Saturday, December 21, 2013

The Best Gift for Mom and Dad

I think many a young person wonders what mom and dad might want for Christmas; they have everything.  If they are somewhat hip, they recognize that mom and dad will not really appreciate more cards or cutesy things, so they try to think of something that will really make them say: “Wow!  This is wonderful!  I didn’t know you cared this much.”  They want to give something that truly tells their parents: “I love you, lots.”
This article talks about a suggestion for such an unusual gift.
In the news lately you’ve been hearing a lot about people who witness their Christian faith.  The star of a very popular cable show did an interview for a magazine and in answer to a question quoted from the Bible.  And the response from many gay-rights groups was that what he said was “evil and hateful.”  And the man got fired from the popular show, which was about his family --- Duck Dynasty.  And to the credit of his family, they said: “If dad is fired, we won’t go on the air either.”  His reading of the Bible in giving an honest answer to a question asked of him may cost him and his family lots of money, but he witnessed to what he said he believed, with no qualms or explanations.  And now, what seems to be surprising to many people, is that many Christians (and even atheists) are criticizing the TV channel and others for firing him, just for quoting from the Bible.  I think the response is a good thing: that his family ACTED like a family and stood together, and that others are willing to publically stand with them also.
That is so not hip today.  So many people say “Keep your beliefs in church, not in public.”  And: “You need to be considerate of others’ beliefs,” ---- but apparently they don’t have to be considerate of yours, and so you try not to offend anyone.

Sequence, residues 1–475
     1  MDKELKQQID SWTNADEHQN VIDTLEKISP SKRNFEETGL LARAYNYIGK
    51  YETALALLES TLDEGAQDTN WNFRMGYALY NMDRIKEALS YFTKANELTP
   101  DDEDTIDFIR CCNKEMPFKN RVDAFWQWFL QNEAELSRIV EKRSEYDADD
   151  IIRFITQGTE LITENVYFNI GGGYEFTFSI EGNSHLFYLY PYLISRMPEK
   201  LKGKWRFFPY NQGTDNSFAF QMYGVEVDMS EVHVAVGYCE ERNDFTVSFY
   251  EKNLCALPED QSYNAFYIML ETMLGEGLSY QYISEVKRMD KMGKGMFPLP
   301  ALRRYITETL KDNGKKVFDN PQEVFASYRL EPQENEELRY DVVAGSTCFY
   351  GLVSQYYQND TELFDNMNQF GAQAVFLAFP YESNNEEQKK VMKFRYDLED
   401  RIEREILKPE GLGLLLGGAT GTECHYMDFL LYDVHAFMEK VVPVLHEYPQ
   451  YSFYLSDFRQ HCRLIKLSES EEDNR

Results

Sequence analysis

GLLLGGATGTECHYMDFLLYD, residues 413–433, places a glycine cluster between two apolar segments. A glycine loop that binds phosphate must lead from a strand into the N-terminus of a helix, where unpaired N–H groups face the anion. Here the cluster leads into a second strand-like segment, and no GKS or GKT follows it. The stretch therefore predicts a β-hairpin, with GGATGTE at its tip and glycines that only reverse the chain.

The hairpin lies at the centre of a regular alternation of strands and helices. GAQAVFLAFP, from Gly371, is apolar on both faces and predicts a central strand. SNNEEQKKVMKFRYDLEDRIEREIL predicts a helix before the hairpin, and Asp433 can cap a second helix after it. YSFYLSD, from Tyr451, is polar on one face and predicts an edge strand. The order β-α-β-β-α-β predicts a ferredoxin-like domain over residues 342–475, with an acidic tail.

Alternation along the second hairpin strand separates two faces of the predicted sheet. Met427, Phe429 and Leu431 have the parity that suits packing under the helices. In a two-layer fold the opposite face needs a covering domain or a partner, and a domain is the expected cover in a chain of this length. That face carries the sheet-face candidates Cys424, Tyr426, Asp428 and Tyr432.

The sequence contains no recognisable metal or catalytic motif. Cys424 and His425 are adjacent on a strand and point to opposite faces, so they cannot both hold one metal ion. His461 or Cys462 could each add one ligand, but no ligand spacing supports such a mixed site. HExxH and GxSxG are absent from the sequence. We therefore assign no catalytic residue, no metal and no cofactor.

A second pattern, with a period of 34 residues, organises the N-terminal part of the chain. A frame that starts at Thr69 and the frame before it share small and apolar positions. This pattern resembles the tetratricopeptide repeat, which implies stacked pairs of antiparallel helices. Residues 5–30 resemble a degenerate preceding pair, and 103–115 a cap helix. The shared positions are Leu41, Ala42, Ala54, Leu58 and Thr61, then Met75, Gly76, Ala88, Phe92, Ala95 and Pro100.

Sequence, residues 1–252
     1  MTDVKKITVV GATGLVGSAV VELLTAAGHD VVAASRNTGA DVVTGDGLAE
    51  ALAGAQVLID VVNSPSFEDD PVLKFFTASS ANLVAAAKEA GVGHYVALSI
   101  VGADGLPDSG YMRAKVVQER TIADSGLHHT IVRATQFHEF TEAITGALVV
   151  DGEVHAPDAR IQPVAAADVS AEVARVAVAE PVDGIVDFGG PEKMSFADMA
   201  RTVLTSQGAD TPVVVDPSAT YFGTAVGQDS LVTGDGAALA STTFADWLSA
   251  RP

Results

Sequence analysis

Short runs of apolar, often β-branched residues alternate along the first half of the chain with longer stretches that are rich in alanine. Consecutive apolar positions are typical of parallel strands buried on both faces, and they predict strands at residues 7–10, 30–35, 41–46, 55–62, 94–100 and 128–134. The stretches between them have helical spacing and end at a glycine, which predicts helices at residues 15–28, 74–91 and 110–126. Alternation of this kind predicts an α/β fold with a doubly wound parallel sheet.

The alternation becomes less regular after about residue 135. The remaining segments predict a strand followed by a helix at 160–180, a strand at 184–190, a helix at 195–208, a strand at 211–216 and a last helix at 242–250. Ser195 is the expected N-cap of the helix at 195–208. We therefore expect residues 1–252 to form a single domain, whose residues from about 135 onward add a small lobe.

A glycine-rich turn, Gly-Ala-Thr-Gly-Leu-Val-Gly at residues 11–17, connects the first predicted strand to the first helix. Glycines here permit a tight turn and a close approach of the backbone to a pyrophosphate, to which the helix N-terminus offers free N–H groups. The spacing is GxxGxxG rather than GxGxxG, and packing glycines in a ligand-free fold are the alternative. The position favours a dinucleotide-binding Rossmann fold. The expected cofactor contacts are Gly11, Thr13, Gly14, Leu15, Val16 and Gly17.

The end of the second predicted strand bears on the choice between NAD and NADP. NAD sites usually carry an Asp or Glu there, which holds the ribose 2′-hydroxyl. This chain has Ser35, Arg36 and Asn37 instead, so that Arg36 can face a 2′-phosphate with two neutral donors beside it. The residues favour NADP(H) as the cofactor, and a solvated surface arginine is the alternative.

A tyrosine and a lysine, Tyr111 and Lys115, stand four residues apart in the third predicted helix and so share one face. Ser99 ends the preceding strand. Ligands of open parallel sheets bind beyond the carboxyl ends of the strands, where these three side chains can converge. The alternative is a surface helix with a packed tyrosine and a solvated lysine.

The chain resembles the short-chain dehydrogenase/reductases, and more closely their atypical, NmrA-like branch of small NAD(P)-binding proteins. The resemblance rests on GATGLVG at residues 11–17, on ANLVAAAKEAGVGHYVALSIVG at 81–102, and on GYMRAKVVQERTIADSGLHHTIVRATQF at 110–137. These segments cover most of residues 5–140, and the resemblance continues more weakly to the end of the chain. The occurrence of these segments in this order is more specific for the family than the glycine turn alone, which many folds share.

I heard a radio show this week.  A popular sportscaster, Mitch Album, was talking on Detroit radio about Christmas.  Mitch has sports columns in papers around the country, and he has written many popular books, like Tuesdays with Morrie.  On his radio show someone asked: “What do you do if your daughter wants to come home from college for Christmas and asks if she can bring her boyfriend along?  What are the sleeping arrangements?”  Now Mitch is a solid liberal Democrat, and voices their views often on his radio show, so I was somewhat surprised when I heard him say: “Well, I’d tell my daughter that there is a spare bedroom for her boyfriend.”  Mitch’s co-host on the radio show was irritated: “How can you be so judgmental?  The girl is an adult.  She can do what she wants.”  But Mitch said: “Not in my house.”  So the co-host said: “What if you don’t have a spare bedroom.”  And Mitch responded: “Well, then he can sleep on the couch --- or on the floor.”  “Well, what if your daughter says she disagrees?”  And Mitch said: “Then I’d tell her to get a hotel room --- and I’m not paying for it.”  But still, Mitch’s co-host wouldn’t give in, saying Album was old-fashioned.  And so Mitch Album said: “Let’s open up the phone lines and see what the audience says.”  And, to my surprise, caller after caller backed Mitch up 100%, even saying if visiting their daughter they would stay at a hotel room rather than visit in a house which their child shared with a live-in partner, even a long-standing one.  Not one caller supported the co-host.
Even on this very liberal talk show, people will willing to witness to their faith and morality.  It is something, I think, which is not done enough in this country, nor accepted enough by children.  Many children do not respect their parents’ moral values, and, sadly, many disagree with them. 
And it makes their parents sad.